Agile welcomes changing requirements, even late in development. Agile processes harness change for the customer’s competitive advantage.
Short feedback loops in Agile allow the team to get fast feedback and incorporate changes required by the customer and reduce the possibility of the team developing the wrong product for too long.
The Product Backlog is dynamic and evolves over the lifetime of the product and requires constant grooming and refinement. The Product Backlog is continuously updated by the Product Owner to reflect changes in the needs of the customer, new ideas or insights, moves by the competition, technical hurdles that appear, and so forth.
During an iteration, the Agile Team should invest some time to work with the Product Owner to refine the Product Backlog (a.k.a. Product Backlog Grooming). This includes requirements analysis, splitting large items into smaller ones, estimation of new items, and re-estimation of existing items. Priorities can change and requirements can move up and down in the Product Backlog. When new items are discovered, they are inserted into the Product Backlog causing the lower ones to move down the list (and possibly fall outside of the scope of the release) or old requirements removed as appropriate.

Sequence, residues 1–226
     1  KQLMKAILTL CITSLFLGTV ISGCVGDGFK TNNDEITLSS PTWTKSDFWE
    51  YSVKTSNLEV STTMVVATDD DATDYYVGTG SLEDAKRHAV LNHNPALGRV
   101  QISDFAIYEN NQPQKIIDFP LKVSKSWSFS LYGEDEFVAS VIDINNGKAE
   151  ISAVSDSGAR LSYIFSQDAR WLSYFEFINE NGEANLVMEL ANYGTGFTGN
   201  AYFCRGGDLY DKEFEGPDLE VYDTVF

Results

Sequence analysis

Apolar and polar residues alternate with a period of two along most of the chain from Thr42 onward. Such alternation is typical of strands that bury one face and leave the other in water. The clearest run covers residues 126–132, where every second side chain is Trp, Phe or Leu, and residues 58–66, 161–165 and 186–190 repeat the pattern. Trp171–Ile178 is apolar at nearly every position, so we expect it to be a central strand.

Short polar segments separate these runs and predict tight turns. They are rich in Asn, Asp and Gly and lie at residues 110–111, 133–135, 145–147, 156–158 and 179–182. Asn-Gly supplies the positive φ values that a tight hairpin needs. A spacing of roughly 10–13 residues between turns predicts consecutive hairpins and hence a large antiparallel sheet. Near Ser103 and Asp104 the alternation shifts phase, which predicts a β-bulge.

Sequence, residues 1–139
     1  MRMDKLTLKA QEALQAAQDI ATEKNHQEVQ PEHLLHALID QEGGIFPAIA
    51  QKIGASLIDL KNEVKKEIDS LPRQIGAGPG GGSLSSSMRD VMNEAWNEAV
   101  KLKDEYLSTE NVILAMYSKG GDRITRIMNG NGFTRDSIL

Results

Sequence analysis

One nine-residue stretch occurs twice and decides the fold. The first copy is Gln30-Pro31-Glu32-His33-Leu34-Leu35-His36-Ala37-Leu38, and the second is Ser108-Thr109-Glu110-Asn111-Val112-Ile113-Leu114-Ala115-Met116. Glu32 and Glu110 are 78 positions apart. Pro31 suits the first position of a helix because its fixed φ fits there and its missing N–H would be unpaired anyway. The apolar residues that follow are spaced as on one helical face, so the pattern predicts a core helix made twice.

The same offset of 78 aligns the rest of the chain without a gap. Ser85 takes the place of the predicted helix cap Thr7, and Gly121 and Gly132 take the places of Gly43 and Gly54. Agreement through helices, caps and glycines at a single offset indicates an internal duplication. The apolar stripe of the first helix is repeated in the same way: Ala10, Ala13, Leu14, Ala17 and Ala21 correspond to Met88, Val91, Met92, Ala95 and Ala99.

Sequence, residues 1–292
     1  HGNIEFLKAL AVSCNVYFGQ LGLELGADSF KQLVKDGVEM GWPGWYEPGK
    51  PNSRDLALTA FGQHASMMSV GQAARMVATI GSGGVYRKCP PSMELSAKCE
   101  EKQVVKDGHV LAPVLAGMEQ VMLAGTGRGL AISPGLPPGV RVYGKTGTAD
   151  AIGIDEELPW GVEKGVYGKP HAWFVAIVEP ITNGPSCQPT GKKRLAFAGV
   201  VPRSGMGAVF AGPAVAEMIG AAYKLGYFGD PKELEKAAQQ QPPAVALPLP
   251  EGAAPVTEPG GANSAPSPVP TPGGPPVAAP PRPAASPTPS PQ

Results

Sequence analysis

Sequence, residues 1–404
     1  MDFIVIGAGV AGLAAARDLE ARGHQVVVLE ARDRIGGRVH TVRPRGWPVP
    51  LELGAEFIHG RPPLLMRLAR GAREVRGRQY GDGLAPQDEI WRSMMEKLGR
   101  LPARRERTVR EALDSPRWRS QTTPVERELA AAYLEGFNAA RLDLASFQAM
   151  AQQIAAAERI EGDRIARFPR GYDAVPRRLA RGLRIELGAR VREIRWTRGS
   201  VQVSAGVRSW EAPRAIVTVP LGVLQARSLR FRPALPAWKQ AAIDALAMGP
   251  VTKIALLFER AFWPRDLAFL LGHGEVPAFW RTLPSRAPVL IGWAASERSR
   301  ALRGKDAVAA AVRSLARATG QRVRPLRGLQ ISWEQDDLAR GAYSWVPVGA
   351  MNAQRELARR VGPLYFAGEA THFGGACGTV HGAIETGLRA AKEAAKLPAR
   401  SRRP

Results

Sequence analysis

Although Agile welcomes changes, when using time-boxed delivery like Scrum, there are no changes allowed during the iteration, and the end date of the iteration does not change. In return for not making changes during the current iteration, the Product Owner can make any changes they want to the Product Backlog before the start of the *next* iteration. The Product Owner can add, remove, reorder, or change items before the start of the next iteration. This enables the Agile team to make and keep commitments, it gives the team focus and stability during the iteration, and it trains the Product Owner to clearly think through what is in the Product Backlog. Due to the short time-boxes, the team should be able to get some reasonable certainty into the planning and requirements and avoid churning during an iteration.
Overtime if you find that the Product Owner keeps needing to change requirements mid-iteration, then perhaps the iteration length is not short enough. Plan iteration durations around how long you can commit to keeping change out of the iteration.
This recent Dilbert comic strip reminded me of a situation when a client was raising cosmetic defect as severity 2.
It is often not clear what a defect is and at what level to raise it at (despite agreed severity descriptions) as my example above shows. And some defects are raised without being related to a requirement. Or defects raised because of a feature being “not user friendly”.
Regardless of the reason and how you label the ‘defect’, I treat all defects the same – it is a piece of work required by the client that needs to be prioritized with other work. So the approach is to put all work (defect, enhancement, new feature etc) into the product backlog. As part of the planning process, the Product Owner will prioritize the items on the backlog for the next iteration and/or release. So if a cosmetic defect is more important (has greater business value) than a new feature, then it should be placed higher so it gets completed first.
Keeping all work in the product backlog, makes planning simpler and helps manage the flow of work. It also ensures the client is in control and be the judge of what is important to their business.